return an HTML document that still contains the following text:
“The original URL for this prediction (www.longbets.org/601) will no longer be available in eleven years.”
I spent most of February on the far side of the world. I had the great honour and pleasure of speaking at Webstock in New Zealand.
This conference’s reputation had preceded it. I had heard from many friends who have spoken in previous years that the event is great and that the organisers really know how to treat their speakers. I can confirm that both assertions are absolutely true. Jessica and I were treated with warmth and affection, and the whole conference was a top-notch affair.
I gave a new talk called Of Time and the Network taking a long-zoom look at how our relationship with time has changed as our communications networks have become faster and faster. That’s a fairly pretentious premise but I had a lot of fun with it. I’m pretty pleased with how it turned out, although maybe the ending was a little weak. The video and audio should be online soon so you can judge for yourself (and I’ll be sure to get the talk transcribed and published in the articles section of this site).
Perhaps it was because I was looking for the pattern, but I found that a number of the other talks were also taking a healthy long-term view of the web. Matt’s talk in particular—Lessons from a 40 Year Old—reiterated the importance of caring for URLs.
When we build, let us think that we build forever.
Let it not be for present delight nor for present use
alone. Let it be such work as our descendants will
thank us for; and let us think, as we lay stone on
stone, that a time is to come when those stones
will be held sacred because our hands have
touched them, and that men will say, as they look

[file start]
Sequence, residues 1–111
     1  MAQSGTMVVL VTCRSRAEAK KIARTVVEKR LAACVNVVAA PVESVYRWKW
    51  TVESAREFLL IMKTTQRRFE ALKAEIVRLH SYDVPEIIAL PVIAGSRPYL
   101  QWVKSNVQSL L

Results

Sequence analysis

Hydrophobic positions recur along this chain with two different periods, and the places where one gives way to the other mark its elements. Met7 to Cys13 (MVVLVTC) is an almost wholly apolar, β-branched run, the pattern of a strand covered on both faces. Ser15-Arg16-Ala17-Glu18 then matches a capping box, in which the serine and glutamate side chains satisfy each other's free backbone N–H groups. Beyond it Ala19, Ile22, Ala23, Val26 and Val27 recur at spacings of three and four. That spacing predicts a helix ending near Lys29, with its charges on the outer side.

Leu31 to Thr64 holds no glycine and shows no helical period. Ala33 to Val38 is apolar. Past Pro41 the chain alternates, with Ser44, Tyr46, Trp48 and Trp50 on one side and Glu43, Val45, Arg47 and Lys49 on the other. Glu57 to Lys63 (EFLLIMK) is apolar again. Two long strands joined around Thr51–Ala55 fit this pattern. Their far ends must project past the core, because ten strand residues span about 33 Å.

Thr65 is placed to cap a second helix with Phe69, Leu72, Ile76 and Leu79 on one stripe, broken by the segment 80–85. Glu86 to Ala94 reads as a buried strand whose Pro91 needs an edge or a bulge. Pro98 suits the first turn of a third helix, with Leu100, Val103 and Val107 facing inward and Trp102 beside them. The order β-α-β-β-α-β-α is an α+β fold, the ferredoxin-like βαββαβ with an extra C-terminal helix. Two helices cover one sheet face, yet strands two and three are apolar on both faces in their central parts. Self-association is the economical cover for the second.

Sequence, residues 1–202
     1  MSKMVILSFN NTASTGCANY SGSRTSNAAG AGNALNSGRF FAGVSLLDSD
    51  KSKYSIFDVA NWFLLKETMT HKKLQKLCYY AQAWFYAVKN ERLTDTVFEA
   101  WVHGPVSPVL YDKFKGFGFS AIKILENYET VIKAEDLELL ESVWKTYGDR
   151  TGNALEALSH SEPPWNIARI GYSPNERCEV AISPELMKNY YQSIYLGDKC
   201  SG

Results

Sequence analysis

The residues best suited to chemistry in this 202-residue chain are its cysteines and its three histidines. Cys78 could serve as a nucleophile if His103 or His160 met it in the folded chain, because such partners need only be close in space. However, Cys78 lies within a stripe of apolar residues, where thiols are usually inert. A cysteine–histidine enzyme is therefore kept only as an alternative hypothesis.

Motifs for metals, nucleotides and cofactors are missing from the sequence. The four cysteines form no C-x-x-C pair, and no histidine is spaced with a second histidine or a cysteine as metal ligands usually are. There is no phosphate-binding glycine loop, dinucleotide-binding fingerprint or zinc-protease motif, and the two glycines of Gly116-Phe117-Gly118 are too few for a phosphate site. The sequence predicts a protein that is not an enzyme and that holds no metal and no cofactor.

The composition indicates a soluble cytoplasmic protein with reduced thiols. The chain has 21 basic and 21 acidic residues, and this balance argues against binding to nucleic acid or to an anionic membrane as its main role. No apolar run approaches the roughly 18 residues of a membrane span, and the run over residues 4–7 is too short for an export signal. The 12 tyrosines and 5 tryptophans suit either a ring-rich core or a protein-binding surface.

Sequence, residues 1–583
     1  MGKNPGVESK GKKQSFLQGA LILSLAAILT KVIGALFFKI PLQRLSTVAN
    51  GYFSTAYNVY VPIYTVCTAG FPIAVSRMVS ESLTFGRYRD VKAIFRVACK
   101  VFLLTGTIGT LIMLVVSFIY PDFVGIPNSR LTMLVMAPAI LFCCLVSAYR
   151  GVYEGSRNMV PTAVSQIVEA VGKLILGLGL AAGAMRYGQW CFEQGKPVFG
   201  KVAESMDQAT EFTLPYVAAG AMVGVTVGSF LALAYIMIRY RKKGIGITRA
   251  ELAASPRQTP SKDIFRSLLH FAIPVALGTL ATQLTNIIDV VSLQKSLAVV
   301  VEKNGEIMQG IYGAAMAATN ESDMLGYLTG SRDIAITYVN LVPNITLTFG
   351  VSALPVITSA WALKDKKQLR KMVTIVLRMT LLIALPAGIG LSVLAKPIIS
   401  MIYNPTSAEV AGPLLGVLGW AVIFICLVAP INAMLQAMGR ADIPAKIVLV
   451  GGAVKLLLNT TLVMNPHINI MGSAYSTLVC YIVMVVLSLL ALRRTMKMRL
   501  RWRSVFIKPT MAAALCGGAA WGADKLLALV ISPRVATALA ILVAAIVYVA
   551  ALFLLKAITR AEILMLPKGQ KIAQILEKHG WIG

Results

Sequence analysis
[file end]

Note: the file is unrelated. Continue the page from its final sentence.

upon the labor and wrought substance of them,
“See! This our father did for us.”
Another recurring theme was that of craft …which is somewhat related to the theme of time (after all, craftsmanship takes time). Erin gave a lovely presentation, ostensibly on content strategy but delving deeply into the importance of craft, while Jessica, Adam and Michael gave us insights into their respective crafts of lettering and film-making.
All in all, it was a great event—although the way the schedule split into two tracks in the middle of the day led to the inevitable feelings of fomo.
It was easily the best speaking gig I’ve ever had. I’m planning on making this conference a regular visit in the future (as an attendee) and I urge anyone else (especially in America) that has yearned for a top-quality, well-run technology conference in a place you’ve always wanted to visit to do the same.
I didn’t even realise there was audio (and video!) available, but there is. Strangely though, there are no RSS feeds. That means you have to go in and manually download each presentation you want to listen to. How quaint.
It doesn’t make it very easy to get the audio from the website to your computer to your iPod. This sounds like a job for a podcast.